By now the role of suggestion in determining both the outward form and inward experience of trance behavior should be obvious. The mesmeric "crises" were brought about by implicit suggestions or expectations arising from the eccentric astrological notions of Paracelsus, whereas the "sleeping" or hypnotic trance was first manifested by people who were imitating the behavior of a retardate, who wast too stupid to realize that he was supposed to go into convulsions and went to sleep instead! An "induction procedure" provides both the occasion and the opportunity for those who are able to respond well to suggestion to go ahead and do so. All the rest depends upon ongoing cultural narratives, explicit or implicit cues which are present in the situation, and the ability and wilingness of the participant to comply with the instructions and suggestions which he or she is given. (Gibbons, 1979).

Today, we no longer need to rely upon the model of trance behavior provided to us by a sleeping retardate over two hundred years ago, when much better models are available. A hyperempiric induction is based on suggestions of mind expansion, enhanced awareness, and increased responsiveness and sensitivity, in contrast to traditional hypnotic inductions based on expressed or implied suggestions of lethargy, drowsiness, and sleep. (Gibbons, 1973). Hyperempiric inductions, or "alert hypnosis," has been found to be just as effective as traditional hypnotic inductions in facilitating subsequent responsiveness to suggestion (Bányai, & Hilgard, 1976; Gibbons, 1975, 1976). But this time, we didn't have to wait for another historical accident to come along. I simply made it up!  


But thoughts are things; and these things exist in the brain as nerve impulses just as surely as anything else does. And to the extent that the belief that you in hypnosis, (or in hyperempira as the case may be), you're hypnotized if you think you are! And that is all that is necessary for hypnosis to play as much of a part as any other experience in the ongoing narative of your ife story.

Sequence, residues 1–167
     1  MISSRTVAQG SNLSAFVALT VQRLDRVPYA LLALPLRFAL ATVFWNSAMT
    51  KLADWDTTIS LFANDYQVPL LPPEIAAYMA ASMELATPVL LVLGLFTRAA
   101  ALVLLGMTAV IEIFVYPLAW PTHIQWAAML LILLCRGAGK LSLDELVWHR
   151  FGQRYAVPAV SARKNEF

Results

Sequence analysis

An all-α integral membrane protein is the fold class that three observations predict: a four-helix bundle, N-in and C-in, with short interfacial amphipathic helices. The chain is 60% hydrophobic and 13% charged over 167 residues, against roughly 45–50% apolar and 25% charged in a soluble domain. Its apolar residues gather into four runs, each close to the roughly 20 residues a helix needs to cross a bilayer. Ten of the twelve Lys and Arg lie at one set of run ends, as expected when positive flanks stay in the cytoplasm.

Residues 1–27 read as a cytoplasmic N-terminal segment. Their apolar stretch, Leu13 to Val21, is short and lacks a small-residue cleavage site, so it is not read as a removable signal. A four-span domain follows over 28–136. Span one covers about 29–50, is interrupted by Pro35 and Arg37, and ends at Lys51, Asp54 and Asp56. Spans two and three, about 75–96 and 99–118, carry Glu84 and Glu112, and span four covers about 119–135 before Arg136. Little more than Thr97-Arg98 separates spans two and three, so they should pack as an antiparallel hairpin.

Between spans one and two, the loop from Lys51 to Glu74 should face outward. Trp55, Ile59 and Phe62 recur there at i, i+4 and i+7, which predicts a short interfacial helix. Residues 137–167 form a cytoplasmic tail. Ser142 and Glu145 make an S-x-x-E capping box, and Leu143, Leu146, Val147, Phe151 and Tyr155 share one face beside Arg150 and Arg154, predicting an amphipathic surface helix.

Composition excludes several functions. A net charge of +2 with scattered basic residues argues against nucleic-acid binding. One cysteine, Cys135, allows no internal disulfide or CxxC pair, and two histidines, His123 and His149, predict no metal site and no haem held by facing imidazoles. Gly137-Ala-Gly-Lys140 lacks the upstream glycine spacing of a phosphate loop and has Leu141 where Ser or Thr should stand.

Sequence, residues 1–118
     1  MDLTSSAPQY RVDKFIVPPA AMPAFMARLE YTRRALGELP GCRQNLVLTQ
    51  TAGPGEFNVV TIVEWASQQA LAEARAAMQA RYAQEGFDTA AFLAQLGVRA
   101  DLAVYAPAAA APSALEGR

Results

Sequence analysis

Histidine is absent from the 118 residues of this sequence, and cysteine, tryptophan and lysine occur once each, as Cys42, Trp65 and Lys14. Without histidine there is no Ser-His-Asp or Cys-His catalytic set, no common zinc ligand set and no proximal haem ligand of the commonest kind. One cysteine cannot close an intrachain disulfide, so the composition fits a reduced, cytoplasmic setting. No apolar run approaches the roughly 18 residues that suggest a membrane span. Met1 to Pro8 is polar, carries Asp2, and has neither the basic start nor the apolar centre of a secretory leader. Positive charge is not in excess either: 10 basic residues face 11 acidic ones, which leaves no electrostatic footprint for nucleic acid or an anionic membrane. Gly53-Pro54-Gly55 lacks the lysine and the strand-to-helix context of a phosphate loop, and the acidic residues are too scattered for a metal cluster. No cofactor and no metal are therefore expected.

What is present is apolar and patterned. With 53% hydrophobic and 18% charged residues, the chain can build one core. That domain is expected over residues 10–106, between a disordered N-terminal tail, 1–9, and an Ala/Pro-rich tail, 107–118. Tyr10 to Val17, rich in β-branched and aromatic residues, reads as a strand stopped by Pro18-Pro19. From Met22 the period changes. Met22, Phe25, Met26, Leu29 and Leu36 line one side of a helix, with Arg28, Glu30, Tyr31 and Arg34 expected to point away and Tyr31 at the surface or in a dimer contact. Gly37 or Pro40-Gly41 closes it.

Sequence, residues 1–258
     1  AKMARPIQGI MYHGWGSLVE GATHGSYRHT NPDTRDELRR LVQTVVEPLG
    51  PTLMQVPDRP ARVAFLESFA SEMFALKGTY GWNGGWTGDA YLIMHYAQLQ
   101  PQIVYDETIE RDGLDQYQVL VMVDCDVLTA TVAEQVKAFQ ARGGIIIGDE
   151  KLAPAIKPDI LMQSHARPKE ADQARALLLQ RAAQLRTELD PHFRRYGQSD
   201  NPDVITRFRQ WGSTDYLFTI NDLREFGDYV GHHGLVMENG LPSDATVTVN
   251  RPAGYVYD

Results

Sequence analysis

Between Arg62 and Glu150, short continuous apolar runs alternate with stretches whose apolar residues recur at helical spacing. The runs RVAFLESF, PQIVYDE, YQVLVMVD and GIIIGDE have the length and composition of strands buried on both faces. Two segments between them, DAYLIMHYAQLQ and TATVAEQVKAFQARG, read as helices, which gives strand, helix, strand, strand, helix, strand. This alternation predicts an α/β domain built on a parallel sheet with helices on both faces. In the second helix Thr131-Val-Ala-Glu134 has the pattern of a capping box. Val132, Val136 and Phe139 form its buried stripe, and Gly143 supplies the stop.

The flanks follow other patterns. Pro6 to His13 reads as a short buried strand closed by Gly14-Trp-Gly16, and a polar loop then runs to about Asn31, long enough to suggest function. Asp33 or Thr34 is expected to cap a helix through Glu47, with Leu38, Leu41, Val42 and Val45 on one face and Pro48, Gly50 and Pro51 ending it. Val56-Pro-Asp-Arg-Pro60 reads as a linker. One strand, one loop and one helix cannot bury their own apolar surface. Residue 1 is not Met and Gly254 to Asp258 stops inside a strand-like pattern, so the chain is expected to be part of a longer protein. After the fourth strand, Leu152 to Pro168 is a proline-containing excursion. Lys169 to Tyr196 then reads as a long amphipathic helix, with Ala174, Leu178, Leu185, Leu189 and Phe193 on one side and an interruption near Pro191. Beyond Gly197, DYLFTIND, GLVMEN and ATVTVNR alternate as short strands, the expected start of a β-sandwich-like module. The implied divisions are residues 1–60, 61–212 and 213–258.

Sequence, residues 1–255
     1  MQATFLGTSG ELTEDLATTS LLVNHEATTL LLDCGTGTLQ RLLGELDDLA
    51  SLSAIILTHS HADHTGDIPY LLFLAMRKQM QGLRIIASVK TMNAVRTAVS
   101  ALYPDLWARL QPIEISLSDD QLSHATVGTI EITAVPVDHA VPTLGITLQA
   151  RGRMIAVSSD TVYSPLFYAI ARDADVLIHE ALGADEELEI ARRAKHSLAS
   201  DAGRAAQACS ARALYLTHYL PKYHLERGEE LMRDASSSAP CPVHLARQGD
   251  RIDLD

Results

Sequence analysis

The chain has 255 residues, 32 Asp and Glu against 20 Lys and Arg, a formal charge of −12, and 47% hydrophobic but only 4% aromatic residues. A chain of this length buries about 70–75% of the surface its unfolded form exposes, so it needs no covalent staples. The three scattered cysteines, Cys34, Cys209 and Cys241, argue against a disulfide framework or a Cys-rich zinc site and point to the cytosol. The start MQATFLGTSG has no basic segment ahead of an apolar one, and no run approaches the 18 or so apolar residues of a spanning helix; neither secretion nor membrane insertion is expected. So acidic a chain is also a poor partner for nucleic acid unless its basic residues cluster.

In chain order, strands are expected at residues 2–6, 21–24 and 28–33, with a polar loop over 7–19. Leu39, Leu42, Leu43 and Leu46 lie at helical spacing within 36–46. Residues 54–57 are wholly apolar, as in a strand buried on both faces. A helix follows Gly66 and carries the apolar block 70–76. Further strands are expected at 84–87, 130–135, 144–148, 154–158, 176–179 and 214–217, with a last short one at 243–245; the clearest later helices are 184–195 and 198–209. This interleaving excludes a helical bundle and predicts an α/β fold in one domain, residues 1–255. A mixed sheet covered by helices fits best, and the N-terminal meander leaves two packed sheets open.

Sources and Citations
                                      
Aaronson, B. The hypnotic induction of the void. Paper presented at the American Society of Clinical Hypnosis, San Francisco, October, 1969.

Bányai, E. I., & Hilgard, E. R. (1976). A comparison of active-alert hypnotic induction with traditional relaxation induction. Journal of Abnormal Psychology, 85, 218-224.


de Rivera, J., & Sarbin, T. R. (eds.) (1998). Believed-in imaginings: The narrative construction of reality (memory, trauma, dissociation, and hypnosis). Washington, DC: American Psychological association.

Gibbons, D. E. (2001). Experience as an art form. .New York, NY: Authors Choice Press.

Gibbons, D. E. (2000). Applied hypnosis and hyperempiria. Lincoln, NE: Authors Choice Press (originally published 1979 by Plenum Press).
  
Gibbons, D. E. (1974). Hyperempiria, a new “altered state of consciousnes” induced by suggestion. Perceptual and Motor Skills, 39, 47-53.

Gibbons, D. E., & Cavallaro, L (2013).. Exploring alternate universes: And learning what they can teach us. Amazon Kindle E-Books. (Note: It is not necessary to own a Kindle reader to download this e-book, as the Kindle app may be downloaded free of charge to a standard desktop or laptop computer and to most cell phones.)

Gibbons, D. E., & Lynn, S. J. (2010). Hypnotic inductions: A primer. in S. J. Lynn, J. W. Rhue, & I. Kirsch (Eds.) Handbook of clinical hypnosis, 2nd ed. Washington, DC: American Psychological Association, pp. 267-291.

Havens, R. A. (2007). Self hypnosis for cosmic consciousness: Achieving altered states, mystical experience, and spiritual enlightenment. Bethel, CT: Crown House Publishing Co., LLC.

Phillips, B. D. (2007). Tranceplay: Experimental approaches to interactive drama involving experiential trance. Journal of Interactive Drama, 2.1, pp. 15-55.


Sacerdote, P. (1977). Applications of hypnotically elicited mystical states to the treatment of physical and emotional pain. The International Journal of Clinical and Experimental Hypnosis, 25(4), pp. 309-324.

Sarbin, T. R., & De Rivera, J. (Eds.) Believed-in imaginings: The narrative construction of reality. Washington, DC: American Psycholofical Association.